No, its not related. I think a lot of the steel mill issue from my understanding and not being an expert in iron ore technology here is really just like a lot of the commodity prices right now that have fallen Rosemarie. Iron ore being one causing the big steel guys right now to be under stress. That does not affect our cutting tool market. And as I indicated before, the weakness in our advanced materials is primarily due to lower cobalt pricing and not end market demand.

Joseph Scaminace

Okay, well that ends the Q&A, and I just want to thank everyone again for being on our call and remind you that our transformative platforms led by our most recent acquisitions of VAC and EPT are driving our results and continuing to validate our strategy, and we remain committed to this course of action and we are excited about our future growth opportunities. Thank you everybody and have a great day.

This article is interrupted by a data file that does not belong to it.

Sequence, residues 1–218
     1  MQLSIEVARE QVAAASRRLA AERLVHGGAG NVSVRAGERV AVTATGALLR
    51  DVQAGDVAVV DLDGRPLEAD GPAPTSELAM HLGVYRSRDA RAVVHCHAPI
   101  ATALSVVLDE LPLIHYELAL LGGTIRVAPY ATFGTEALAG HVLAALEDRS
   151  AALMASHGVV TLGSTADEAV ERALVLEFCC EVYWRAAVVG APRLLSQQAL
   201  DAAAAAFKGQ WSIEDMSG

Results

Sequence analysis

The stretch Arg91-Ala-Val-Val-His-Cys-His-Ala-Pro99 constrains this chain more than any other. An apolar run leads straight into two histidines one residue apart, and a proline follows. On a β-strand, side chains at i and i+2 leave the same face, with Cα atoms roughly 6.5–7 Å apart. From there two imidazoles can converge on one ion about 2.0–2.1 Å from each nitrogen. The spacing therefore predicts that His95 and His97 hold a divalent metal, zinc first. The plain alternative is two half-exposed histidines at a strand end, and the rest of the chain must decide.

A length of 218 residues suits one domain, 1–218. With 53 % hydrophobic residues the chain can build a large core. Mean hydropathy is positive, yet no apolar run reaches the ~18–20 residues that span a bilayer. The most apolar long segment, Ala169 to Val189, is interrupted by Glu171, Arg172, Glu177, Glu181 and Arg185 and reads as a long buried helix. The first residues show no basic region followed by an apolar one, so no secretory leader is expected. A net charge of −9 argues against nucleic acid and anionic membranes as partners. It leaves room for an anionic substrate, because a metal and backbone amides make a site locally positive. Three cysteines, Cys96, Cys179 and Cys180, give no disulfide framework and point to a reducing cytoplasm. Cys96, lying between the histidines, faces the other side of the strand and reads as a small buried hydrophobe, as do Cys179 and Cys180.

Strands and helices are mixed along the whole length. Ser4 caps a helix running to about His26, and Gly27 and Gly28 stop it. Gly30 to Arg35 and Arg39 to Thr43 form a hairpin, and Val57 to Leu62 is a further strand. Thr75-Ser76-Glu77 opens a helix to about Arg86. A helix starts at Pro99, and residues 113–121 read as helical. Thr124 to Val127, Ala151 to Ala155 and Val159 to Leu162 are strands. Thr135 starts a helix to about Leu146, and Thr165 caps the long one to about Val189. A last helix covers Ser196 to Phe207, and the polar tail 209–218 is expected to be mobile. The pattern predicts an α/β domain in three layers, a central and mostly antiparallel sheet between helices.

Operator

This concludes today's conference. You may now disconnect.